2 Friands, preferably raspberry ones. 3 Almond milk –healthy and delicious too.
4 English Black Pudding.
What’s doWn 1 Tabasco ice-cream.
2 Pulled pork fatigue. Enough now. 3 Thick pizzas.
4 The price of Olive Oil - harvest down and the price going up.
We love these pie dishes. Doesn’t everyone? Now shipping to Europe, Australia and USA. falconenamelware.com
Now open Hugh Fearnley-Whittingstall has opened a brand new cookery school for professional cooks and aspiring chefs.
E App watch Curate your own cookbook on Evernote Food. Free to download at App Store
Workshop Coffee, an online dispensary now selling their freshly roasted coffee on-line workshopcoffee.com
❤ We love
The nitro ice-cream buggy. This genius construction can instantly make custom flavoured ice-cream for up to 2000 people mocha.uk.com
Whats on St Ives Food and Drink Festival 18-19 May Food demos, coastal foraging and lots of locally caught seafood at this coastal
one of the most exciting collections of fine, natural wine artisans ever to come together in the capital
Gefiltefest 19 May The Jewish food festival. www.gefiltefest.org
Real Bread Week
From 11-17 May The Real Bread Campaign is calling local loaf lovers to get their hands doughy to celebrate the delicious, all natural and genuinely fresh real thing.
Bristol – 11-12 May Manchester – 8-9 June A 2 day barbecue and music festival held over 2 weekends in Bristol and Manchester. Expect barbecue competition with international music artists, a barbecue academy, festival craft beer bars, live entertainment, chilli-eating and hot-wing competitions
1st & 2nd June 2013 A weekend-long celebration of food and ideas bringing together chefs, restaurateurs, writers, entrepreneurs and producers to discuss and debate the big ideas behind what Londoners eat and drink.
RAW – The Artisan Wine Fair 19-20 May RAW is a two-day celebration of some of the best wine talent in the world. Featuring over 200 growers, RAW is
The PoWer oF PosiTive drinking
CLeo RoCos Square Peg £9.99 Twelve steps to the liquid side of life from Cleo Rocos.
Biddy White LeMon O’Brien £25 Over 60 recipes from Nature’s Harvest, how to gather, cook & preserve.
CraFT Beer london
WiLL haWkes VeSPertine £10 An indispensible guide to craft beer pubs, bars and breweries in the capital.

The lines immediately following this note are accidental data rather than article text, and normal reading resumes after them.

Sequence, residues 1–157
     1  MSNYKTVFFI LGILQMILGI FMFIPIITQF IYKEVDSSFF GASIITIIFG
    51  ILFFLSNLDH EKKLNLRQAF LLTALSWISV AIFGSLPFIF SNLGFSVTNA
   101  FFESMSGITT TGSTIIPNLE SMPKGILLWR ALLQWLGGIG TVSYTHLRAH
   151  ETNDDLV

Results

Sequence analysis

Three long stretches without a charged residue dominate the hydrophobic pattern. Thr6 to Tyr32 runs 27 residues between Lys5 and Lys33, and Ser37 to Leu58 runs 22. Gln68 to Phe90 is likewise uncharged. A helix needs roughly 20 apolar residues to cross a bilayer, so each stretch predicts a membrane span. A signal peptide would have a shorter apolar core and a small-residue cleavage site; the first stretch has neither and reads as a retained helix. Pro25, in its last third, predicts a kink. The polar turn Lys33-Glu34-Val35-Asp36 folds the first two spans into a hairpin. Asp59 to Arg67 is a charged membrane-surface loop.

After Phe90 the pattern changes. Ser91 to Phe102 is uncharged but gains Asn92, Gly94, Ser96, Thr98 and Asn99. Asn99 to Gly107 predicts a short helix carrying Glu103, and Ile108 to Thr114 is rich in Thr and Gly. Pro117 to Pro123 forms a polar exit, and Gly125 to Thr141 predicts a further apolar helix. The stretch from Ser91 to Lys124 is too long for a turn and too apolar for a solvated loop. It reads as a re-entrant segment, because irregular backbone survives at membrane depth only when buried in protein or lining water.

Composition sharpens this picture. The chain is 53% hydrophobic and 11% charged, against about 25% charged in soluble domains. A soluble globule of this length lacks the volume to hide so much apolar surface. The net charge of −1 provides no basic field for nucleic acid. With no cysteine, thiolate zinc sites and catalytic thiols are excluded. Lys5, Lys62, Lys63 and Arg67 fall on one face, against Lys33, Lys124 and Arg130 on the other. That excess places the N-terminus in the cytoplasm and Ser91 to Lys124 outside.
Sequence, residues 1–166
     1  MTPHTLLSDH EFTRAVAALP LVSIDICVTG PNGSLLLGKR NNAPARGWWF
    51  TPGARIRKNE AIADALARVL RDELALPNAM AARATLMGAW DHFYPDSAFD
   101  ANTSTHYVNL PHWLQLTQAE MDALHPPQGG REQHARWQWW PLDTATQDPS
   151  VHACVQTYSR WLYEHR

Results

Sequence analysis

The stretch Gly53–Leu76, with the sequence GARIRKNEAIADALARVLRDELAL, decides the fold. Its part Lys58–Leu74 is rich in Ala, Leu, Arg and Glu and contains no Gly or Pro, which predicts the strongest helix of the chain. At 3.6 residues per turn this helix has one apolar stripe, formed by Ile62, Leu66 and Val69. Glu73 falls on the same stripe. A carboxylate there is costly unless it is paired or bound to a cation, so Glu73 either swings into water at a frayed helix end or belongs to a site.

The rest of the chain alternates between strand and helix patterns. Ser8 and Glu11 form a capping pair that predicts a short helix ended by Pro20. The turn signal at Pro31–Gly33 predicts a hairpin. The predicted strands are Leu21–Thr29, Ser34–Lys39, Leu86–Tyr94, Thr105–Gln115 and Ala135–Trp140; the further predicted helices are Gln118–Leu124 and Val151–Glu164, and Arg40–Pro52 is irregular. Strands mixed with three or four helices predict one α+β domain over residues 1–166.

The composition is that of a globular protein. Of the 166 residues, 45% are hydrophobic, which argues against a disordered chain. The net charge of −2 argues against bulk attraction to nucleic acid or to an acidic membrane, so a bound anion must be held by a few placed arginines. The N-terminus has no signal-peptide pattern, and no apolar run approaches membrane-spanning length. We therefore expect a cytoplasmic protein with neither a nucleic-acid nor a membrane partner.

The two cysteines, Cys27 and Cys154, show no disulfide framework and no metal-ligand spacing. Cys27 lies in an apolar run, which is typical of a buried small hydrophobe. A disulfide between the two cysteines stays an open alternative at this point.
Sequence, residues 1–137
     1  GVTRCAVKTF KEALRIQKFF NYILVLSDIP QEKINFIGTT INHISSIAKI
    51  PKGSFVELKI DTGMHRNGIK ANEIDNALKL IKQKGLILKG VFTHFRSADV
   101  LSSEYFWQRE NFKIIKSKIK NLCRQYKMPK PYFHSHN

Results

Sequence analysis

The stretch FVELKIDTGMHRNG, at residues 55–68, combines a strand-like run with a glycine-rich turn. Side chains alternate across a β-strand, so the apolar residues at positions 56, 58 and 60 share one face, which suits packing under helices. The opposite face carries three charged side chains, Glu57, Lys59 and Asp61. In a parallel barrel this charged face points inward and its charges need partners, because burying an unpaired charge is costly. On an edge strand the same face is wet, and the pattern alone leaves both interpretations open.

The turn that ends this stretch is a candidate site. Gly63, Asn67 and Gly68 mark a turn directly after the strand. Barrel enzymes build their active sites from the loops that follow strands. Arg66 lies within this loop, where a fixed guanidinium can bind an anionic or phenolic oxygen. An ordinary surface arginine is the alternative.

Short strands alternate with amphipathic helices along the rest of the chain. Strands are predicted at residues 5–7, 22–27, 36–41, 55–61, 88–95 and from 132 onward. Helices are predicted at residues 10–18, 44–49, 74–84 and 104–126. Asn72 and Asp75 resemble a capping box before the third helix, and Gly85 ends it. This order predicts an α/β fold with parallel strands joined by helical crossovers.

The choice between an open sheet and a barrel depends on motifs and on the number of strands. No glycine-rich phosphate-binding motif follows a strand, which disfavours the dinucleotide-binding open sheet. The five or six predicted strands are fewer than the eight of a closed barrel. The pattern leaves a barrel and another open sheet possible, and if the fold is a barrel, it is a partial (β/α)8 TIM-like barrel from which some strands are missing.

et On the stre KERB works as a space – both physical and online – for Making Cities Taste Better. Petra Barran from Kerb Food recommends her street food finds from around the country.
Fundi is going places. Only set up at the end of last year, these Oxford-based brothers are making great doughy waves in their home town. Charlie is the food nut and Rory the designer. Every element of the business is made, designed, built and created by them - so not only can you come and buy their pizza but you can also order your own bespoke pizza oven. This is our kind of stall: resourceful, well-sourced and made from scratch - and the pizza is Napoli-incredible. www.fundipizza.com
ard d n a t s e h t g n setti The Sustainable Restaurant Association promotes British restaurants leading the way in in sustainability. meet one of their three-star rated members.
The Thali Cafe
The four Thali Cafés in Bristol are inspired by the owners’ travels to India and serve Indian street food sourced as locally and sustainably as possible. In a winning take-away concept they sell tiffin tins to their local communities who stop by to fill up and take them home for dinner. As well as serving up healthy and delicious thali platters and spicy chais and they have a total commitment to sourcing local, seasonal and high welfare produce and all the meat is free range or organic. As well as all of this, it works with local charities, uses eco-friendly cleaning products and has a comprehensive recycling policy. Thali Terrific! www.thethalicafe.co.uk